Garden Consultation

Harlem (450 square feet)

COVID-Update: During lockdown, I am consulting and designing remotely, for gardeners near and far. For details please email me at myviljoen(at)gmail (dot) com.

The Backstory:

I love plants and I love gardens. My own New York City gardens have been created from (very) bare bones in four very different space in Brooklyn and Manhattan: three terraces, and one big backyard. I work on a tight budget, haul the soil, plant the plants, and tend them.

My professional garden design background is very different: Big budgets, work crews, and custom-everything.

Both kinds of gardens have been exacting and inspiring teachers. I understand first hand what challenges city gardeners face, from microclimate to weight restrictions and dollar-constraints. And squirrels. Always squirrels.

But I grew up far away, in South Africa, where my love of plants was nurtured in my mother's two gardens. There is a good chance I gardened before I spoke. In my childhood garden in Bloemfontein (cold winters, hot, rainy summers) I learned to grow plants from seeds and bulbs, and later, as a teenager in a new Cape Town garden (dry summers, wet winters), I created and planted my first design - a herb garden for my mom. Herbs and culinary plants were - and remain - a passion of mine.

Cobble Hill (66 square feet)

Fast forward to living in New York, where I worked at a garden center for two years while recovering from whooping cough; I was an opera singer then, and coughing and singing were a terrible combination. I learned a new plant language and fell in love with North American flora. And I learned to design rooftop gardens. I never went back to opera. Instead, I moved to the Cobble Hill terrace apartment (above) and also on to a small high-end garden design firm (Holly, Wood and Vine) where I first worked as a gardener before graduating to head of design, designing dozens of gardens ranging from aloof penthouse rooftops to intimate and shade-shrouded courtyards. Budgets were big and I had the opportunity to oversee major projects from creation to installation. I was laid off in 2009, after the previous recession, but was fortunate suddenly to have the time I needed to write my first book, and then to transition to food writing and edible plant research.

But the garden designing never stopped - it is far too much fun. I now prefer to work with people who want to create their own gardens, and interact with them rather than view them as a backdrop. Gardens are to be lived in.

Carroll Gardens, Brooklyn (1,000 square feet)

My own gardens have ranged from the first, tiny 66 square feet to a roomy 1,000 square feet. They have seen morning sun, all-day blazing rooftop sun, wind, deep shade, building shade, and lead in the soil. They have thrived, and I survived. Gardening is exhilarating, never dull, and always therapeutic.

                                         Carroll Gardens, Brooklyn

When designing gardens for others, my personal and professional experience give me the insight and perspective to ask the right questions and to give informed answers. I know what plants work where. I don't know everything. That's not possible. Every garden situation is truly unique and the garden itself is usually the best teacher. There will be failures, and they will be instructive!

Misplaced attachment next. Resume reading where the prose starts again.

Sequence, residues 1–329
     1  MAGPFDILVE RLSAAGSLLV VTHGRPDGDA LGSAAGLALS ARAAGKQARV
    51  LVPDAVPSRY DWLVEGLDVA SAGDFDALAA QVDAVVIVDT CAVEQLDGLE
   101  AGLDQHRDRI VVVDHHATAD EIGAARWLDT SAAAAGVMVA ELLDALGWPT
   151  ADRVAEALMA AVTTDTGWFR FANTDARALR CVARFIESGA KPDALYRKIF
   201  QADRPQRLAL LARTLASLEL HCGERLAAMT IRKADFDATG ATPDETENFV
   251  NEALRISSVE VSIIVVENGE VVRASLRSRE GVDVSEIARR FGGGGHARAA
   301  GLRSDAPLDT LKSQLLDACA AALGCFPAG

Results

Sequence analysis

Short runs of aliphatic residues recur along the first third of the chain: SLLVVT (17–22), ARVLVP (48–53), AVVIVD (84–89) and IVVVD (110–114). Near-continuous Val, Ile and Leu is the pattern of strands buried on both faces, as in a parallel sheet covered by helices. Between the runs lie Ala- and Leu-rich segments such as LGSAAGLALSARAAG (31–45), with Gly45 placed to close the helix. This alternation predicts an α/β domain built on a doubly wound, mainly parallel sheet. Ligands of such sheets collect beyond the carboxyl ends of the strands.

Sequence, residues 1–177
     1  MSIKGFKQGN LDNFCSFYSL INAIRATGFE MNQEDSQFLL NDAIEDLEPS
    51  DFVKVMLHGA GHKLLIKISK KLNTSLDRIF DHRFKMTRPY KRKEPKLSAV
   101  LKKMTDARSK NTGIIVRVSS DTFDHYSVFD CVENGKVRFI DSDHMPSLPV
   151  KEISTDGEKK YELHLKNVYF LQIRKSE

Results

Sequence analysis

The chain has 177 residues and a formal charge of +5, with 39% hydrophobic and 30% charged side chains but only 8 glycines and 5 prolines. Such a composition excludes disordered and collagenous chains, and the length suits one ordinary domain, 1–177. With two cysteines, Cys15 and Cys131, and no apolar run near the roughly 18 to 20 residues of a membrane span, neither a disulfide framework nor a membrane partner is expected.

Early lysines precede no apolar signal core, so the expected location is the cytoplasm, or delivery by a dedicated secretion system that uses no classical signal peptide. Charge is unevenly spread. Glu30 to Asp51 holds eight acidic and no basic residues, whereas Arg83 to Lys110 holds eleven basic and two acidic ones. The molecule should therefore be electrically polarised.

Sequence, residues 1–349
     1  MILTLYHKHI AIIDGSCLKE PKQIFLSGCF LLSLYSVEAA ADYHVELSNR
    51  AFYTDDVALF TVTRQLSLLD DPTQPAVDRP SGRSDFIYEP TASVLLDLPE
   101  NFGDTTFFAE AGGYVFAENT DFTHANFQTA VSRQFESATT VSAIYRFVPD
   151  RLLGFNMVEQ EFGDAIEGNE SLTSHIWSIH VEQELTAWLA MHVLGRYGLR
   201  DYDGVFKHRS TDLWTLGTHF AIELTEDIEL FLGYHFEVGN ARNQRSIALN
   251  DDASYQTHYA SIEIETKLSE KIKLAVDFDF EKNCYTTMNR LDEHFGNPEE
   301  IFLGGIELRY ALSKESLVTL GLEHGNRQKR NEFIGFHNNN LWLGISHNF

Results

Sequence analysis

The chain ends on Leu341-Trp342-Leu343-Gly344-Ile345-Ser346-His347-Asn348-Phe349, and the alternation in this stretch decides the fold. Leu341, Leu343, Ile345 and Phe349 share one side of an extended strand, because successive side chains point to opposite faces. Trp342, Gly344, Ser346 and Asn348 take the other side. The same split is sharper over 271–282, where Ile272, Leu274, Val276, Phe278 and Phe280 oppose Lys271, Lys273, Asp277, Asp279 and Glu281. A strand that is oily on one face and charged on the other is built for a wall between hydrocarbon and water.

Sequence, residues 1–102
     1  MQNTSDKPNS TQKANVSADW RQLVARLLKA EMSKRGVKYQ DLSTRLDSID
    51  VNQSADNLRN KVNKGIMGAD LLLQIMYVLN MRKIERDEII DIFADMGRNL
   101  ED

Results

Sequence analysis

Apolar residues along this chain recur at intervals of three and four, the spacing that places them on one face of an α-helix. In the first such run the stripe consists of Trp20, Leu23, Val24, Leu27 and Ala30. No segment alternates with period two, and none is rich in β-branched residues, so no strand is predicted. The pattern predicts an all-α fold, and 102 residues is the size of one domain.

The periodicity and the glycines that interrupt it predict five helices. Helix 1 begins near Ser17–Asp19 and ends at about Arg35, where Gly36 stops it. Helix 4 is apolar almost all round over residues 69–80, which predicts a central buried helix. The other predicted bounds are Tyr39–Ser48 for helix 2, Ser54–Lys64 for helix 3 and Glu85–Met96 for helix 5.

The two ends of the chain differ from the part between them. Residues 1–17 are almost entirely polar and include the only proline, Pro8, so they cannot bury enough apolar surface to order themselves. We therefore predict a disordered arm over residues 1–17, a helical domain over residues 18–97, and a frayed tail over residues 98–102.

Windsor Terrace (98 square feet)

I believe gardens are to be lived in. I can help show you how.

Client garden, Flatiron District

Cosmopolitan flower gardens, native woodland courtyards, and pollinator-friendly plantings are all city possibilities.

Carroll Gardens, Brooklyn

Would you like to grow your own salads? Or unusual indigenous edibles? Perhaps you'd like a truly American kitchen garden (and what does that mean?). How about a serviceberry orchard on the 17th floor (and what is a serviceberry? Or do you prefer blueberries?

Client garden, SoHo

Maybe you just like lilies. Or have always wanted your own city forest.


You may have full shade or full sun, or bits of both. High shade or deep shade.  Dappled shade. It all makes a very big difference to what and how you can plant.

Cobble Hill

What I Do:

Ideally I'd visit your space in person. Remotely, in COVID-times - or if you live beyond New York City - I do that with your help: You send me pictures or video, and also answer some basic but important questions that I send about aspect and microclimate: sun, shade, challenges specific to your site (such as deep shade pockets, orientation with regards to winter winds). I can then advise on which plants might do well, and answer your questions about plants you love or want. Some of this is about managing expectations - but there is always a wonderful collection of plants that will work in your space. Consults last between 30 minutes and an hour-and-half, typically.

If you need a design, I then follow up with a schematic watercolor design (under remote circumstances based on a very rough sketch from you (you will need a tape measure or laser measurer), accompanied by detailed plant lists or planter sizes. Good gardens require good planning.

If necessary I also offer seasonal care outlines.

Finally, I offer practical coaching: how to plant, how to water. It seems simplistic, but the number one cause of plant death is user error. And it's usually about water. Too much (mostly), or too little. Understand the plant and its needs, and the gardening battle is won.

Rates upon inquiry.

Please get in touch via at myviljoen (at) gmail (dot) com